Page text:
Arresting officer testifies in Mongielo trial - The Buffalo News

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Arresting officer testifies in Mongielo trial

LOCKPORT – The Lockport policeman who arrested business owner David J. Mongielo June 27 testified Wednesday that he arrested Mongielo because he pushed back as the officer tried to get him out of his pickup truck at a traffic checkpoint.

Mongielo, 47, of Day Road, Lockport, is on trial before Lockport City Judge William J. Watson and a six-person jury on charges of resisting arrest, second-degree obstructing governmental administration, second-degree harassment, driving an unregistered vehicle and two counts of using a cellphone while driving.

Mongielo, twice defeated in campaigns for Town of Lockport supervisor, is locally known as “the sign guy” for his four-year battle with the Town of Lockport over an LED signboard in front of his Robinson Road auto repair shop.

He was sentenced to 10 days in jail for violating the town’s law barring flashing signs, but the sentence has been stayed pending an appeal.

Jones said Mongielo drove up to the roadblock heading east. Jones said, “He started asking, ‘What is this, Nazi Germany? Why are you infringing and violating my rights?’ ”

Jones testified, “To be honest with you, I thought that someone was playing a joke on me. I was kind of at a loss for words.”

He wasn’t charged then, but later, Mongielo returned to the roadblock. Jones said Barrancotta told him to give Mongielo a ticket for an expired registration and for using a cellphone while driving. Mongielo pulled into the parking lot of Allie Brandt’s Bowling Lanes, where Jones was waiting.

Jones said he asked Mongielo three times for his license, registration and insurance card, but Mongielo didn’t produce them. Jones said he called Officer Kevin Lucinski over to help, and they asked Mongielo three times to get out of the truck. He didn’t.

“After the third time, I opened the vehicle and reached over to unbuckle the seat belt,” Jones said. “He kind of pushed back and shoved me away.”

Mongielo had only one hand free, Jones said, because he was holding his phone in the other. Jones said he assumed Mongielo was videotaping the encounter.

“He asked, ‘Why are you detaining me? You have no right to do this,’ ” Jones testified. He said he finally unhooked the seat belt.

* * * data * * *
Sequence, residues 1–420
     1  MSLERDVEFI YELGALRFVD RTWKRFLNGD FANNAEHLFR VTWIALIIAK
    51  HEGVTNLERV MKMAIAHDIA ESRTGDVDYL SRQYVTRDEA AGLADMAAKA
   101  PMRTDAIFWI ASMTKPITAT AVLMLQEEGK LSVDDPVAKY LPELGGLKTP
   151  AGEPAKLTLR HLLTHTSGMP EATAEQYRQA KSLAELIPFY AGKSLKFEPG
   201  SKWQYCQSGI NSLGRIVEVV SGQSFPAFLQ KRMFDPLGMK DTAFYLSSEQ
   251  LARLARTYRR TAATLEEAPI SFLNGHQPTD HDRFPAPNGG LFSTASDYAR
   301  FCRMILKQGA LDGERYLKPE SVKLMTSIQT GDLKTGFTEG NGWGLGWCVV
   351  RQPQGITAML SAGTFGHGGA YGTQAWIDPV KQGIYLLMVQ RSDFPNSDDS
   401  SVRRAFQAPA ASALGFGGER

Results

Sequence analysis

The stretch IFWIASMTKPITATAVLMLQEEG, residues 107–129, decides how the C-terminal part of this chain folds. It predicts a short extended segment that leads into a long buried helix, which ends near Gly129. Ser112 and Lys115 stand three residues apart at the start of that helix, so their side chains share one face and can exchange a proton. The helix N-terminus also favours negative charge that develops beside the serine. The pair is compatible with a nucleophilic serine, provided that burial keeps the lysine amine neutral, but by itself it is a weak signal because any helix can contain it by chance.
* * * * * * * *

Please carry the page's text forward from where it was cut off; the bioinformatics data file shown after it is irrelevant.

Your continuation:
“I warned him he was under arrest,” Jones said, adding the charge was second-degree obstructing governmental administration.

But in an Oct. 9 pretrial hearing, defense attorney Frank T. Housh showed, Jones said Mongielo pushing his hand away from the seat belt was not the reason for the arrest. Jones then attributed it to Mongielo’s refusal to get out of the truck. Jones then quoted Mongielo as saying, “I don’t have to get out of the vehicle because you’re not telling me why.”

Jones said Wednesday that after being patted down for weapons, “Mr. Mongielo put his right hand into his right pocket and started hopping up and down yelling, ‘Help, I’m being kidnapped. I’m being detained.’” He and Lucinski then pulled Mongielo to the asphalt.

Housh introduced photos of the facial injuries Mongielo suffered when he went down. “When did you plant his face in the street?” Housh asked Jones.

“We brought him to the ground. I wouldn’t use the word planted,” Jones answered.

Jones said Mongielo wouldn’t let officers handcuff him, refusing to put his left hand behind his back. He said Lucinski “flipped on the Taser to let him know we had it.”

Officer Heather Rohde testified she came over to assist and was the one who handcuffed Mongielo.

She quoted Mongielo as saying while he was down, “This is a police state. This is Nazi Germany. You’re all going to be sued.”

Mongielo did file a police brutality suit, but it was dismissed because Mongielo, who didn’t use an attorney, didn’t serve the police with the papers.


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